Of course, the biggest problem most schools have with getting the media out isn’t that the reporter forgets. The problem is that education professionals forget to ask. I can’t tell you how many times I’ve been sitting at my desk in the district office and gotten a call from a school asking for coverage of an amazing event that could draw media—and it starts in less than an hour. Definitely not going to happen, especially in a district an hour away from the closest news stations. Honestly, I’ve probably experienced that situation almost as often as a call two weeks out to ask how I can help promote an event. Even worse is when schools even forget to notify their families about an event until the week of. It’s not professional, it’s not okay, and it has to stop. If you are going to host an event, and it’s worth spending the time to set up, you must spend a little time planning your communications around it. 

Get the blessing to send the submitted story. In the process of inviting the media with the alert, you’re sure to get some regrets. That’s ok. It’s also your chance to offer the submitted story. When the reporter says they can’t make it, just reply politely that you understand, and add that you’d love to send some pictures and a write-up for them to consider. Putting this general plan in place ahead of time is a great way to avoid wasting time later. If they agree to it, it’s a big win! Of course, it’s just the beginning of the next round of work.  

You will need to think of yourself as their contractor for this assignment. Find out what they want, and especially when they want it. If they say they want it the same day, then you need to figure out how to make that happen. Usually, that might mean a TV station that only want stills and some key facts. Basically, you will plan to just rework what you’ve already sent, add in a rough headcount and anything particularly notable, and send it on with your best pictures. Depending on deadlines, you might even need to do this before the event is over. So plan for everything—have all your gear to crank this out when they need it. 

Conversely, a weekly community newspaper that wants a submitted story may not need it for another week. You should not wait a week to give it to them, but once you finish the event and then finish storytelling for your audience, you need to go ahead and get it in a final format for the paper. Plan how you are going to do this instead of waiting until the newspaper is calling you about a hole they’ve saved you on page A5.

Prepare to tell your story. You should use those pre-event communications as a great way to start pre-writing your story. You already know what the big picture is, so there’s nothing wrong with having a few introductory and detailed paragraphs written ahead of time. If it’s a marquee event (teacher of the year announcement) or particularly timely or political, you might even have the whole thing written ahead of time. It’s not cheating; just make sure you proof it one last time after the event and before you send to allow you to edit for anything that didn’t really go the way you expected.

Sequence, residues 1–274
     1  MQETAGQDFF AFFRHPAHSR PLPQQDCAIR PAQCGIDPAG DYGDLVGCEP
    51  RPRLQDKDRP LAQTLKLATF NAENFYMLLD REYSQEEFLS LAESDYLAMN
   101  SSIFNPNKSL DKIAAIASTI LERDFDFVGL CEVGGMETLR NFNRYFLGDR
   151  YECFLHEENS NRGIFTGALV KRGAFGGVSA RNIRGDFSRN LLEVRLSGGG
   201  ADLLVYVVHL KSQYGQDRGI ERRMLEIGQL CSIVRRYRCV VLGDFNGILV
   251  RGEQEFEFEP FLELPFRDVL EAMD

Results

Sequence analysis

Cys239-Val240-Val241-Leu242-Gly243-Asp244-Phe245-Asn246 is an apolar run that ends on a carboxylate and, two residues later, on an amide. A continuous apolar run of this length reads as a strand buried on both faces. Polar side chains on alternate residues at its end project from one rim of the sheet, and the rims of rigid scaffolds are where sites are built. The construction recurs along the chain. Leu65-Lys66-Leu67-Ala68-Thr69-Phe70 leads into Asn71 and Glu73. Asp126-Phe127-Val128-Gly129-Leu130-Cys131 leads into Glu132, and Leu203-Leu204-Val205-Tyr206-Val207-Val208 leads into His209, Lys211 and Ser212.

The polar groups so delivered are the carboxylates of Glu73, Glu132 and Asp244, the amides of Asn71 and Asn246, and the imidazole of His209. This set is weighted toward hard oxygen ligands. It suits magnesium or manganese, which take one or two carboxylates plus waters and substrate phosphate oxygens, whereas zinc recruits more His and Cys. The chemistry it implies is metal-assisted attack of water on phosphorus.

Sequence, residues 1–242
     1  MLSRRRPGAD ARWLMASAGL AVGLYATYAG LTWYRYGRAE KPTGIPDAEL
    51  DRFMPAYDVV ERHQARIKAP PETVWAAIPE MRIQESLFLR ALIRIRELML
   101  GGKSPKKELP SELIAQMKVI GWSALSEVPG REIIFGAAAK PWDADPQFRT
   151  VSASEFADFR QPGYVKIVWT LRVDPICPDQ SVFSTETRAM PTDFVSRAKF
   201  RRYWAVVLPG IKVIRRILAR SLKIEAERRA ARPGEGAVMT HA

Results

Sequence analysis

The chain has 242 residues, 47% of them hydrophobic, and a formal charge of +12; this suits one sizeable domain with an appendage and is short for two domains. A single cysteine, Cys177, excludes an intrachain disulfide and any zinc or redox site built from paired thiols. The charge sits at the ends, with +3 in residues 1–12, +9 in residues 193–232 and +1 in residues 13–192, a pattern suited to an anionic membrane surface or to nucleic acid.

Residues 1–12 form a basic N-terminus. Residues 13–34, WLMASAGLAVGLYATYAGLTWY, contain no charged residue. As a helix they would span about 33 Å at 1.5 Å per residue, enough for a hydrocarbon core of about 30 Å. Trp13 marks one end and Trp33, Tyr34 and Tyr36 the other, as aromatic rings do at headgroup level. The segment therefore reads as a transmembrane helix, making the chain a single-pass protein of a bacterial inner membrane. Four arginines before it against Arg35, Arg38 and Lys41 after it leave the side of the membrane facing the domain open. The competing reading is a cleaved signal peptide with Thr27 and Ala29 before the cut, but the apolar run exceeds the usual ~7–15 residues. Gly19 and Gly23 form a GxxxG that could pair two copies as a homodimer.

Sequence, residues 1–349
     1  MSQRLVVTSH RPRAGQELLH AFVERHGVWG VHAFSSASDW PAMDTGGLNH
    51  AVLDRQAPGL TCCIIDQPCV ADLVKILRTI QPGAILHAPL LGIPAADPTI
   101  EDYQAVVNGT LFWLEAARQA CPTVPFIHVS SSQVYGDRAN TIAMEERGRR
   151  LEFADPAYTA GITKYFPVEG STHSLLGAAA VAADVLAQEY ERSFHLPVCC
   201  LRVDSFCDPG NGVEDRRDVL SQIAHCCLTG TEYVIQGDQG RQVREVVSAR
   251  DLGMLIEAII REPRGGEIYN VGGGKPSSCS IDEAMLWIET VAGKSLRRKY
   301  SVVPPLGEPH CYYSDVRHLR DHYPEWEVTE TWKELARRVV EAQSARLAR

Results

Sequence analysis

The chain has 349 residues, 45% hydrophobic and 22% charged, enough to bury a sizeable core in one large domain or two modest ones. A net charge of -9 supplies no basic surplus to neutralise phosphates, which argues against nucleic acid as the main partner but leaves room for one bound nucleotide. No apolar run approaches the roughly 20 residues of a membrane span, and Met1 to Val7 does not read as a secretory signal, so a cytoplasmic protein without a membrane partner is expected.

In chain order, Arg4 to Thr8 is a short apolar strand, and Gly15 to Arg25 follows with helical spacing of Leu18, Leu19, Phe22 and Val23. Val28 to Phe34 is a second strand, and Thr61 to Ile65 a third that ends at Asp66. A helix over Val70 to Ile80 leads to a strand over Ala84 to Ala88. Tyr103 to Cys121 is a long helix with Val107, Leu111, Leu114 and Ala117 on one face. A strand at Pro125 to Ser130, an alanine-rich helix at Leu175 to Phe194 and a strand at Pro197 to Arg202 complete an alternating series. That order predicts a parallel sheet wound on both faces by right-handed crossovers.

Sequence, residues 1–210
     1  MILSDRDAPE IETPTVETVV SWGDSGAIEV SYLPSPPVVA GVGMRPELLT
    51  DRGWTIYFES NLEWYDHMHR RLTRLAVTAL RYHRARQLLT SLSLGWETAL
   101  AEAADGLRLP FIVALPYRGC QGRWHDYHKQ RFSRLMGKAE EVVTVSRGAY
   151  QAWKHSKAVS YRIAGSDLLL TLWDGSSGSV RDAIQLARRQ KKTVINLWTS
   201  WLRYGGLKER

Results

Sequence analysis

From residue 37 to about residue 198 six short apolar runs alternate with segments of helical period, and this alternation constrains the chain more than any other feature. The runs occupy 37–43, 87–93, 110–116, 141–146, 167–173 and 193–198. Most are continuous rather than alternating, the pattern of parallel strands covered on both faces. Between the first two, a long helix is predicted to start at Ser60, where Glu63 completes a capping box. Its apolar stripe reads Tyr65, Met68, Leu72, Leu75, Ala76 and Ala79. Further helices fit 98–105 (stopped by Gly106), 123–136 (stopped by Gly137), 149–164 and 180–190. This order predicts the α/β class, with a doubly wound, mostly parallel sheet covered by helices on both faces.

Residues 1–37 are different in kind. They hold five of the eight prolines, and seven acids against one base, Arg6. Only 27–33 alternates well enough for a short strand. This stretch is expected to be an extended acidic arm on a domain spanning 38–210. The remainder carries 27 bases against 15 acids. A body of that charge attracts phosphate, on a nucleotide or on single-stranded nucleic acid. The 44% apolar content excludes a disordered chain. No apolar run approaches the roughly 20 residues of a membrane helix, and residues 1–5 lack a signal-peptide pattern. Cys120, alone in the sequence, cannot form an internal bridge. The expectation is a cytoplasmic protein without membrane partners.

at the event

At the event

Take some notes. Photos will be the most important thing you do at the event (other than any event-based responsibilities you have—hopefully none). You also need to get some words, though. If someone’s giving a speech, just jot down a key line or two from it. Pick one fun question, and ask it to a few students and parents, and write down some of the best answers. Having these in-hand will make the production stages much easier. Could you go find them later and ask the same questions? Sure you could, but it would cause significantly more headaches for you and for them rather than just capturing that feedback in the moment. Also, be sure to write down names of non-students you photograph or anyone you might not know.

Take too many pictures. If you are a professional photographer, you don’t need to take any of my advice, and you can skip this section. If, like the rest of us, you don’t really know what you’re doing, the first rule of thumb is to take a lot of pictures. Make sure to get plenty of your administrators and officials, but these won’t necessarily be the best images to publicize. Smiling faces of kids engaged in something loosely related to instruction is the highest form of school event photography. When I say too many pictures, I also mean different angles, orientations (horizontal and vertical), candid, posed, inside, outside, or whatever. You can’t go back and get them later. Better to get everything you can now. 

After the event

Tell your story in a variety of ways. (If you and your media connection agreed on a same-day delivery, skip ahead to Submitting to the media, and then come back to this later.) 

After a great event, you’re excited to get home and rest up after a long day. Understandable. Just remember that those images don’t do anyone any good just sitting on your camera’s card. Ideally, you will already have a post-event communications plan ready to go, and you will begin executing it immediately. 

For me, a good starting place immediately after the event is to upload the pictures and do a first-round look-see of what you got. If you can’t do all of the work on it right away, at least pick out a great shot or two and post to social media with messaging that conveys a great event and that more pictures will be coming in the morning. Again, you could have the post pre-written and in the draft stage ahead of time and just add in the picture(s) once you’ve taken them.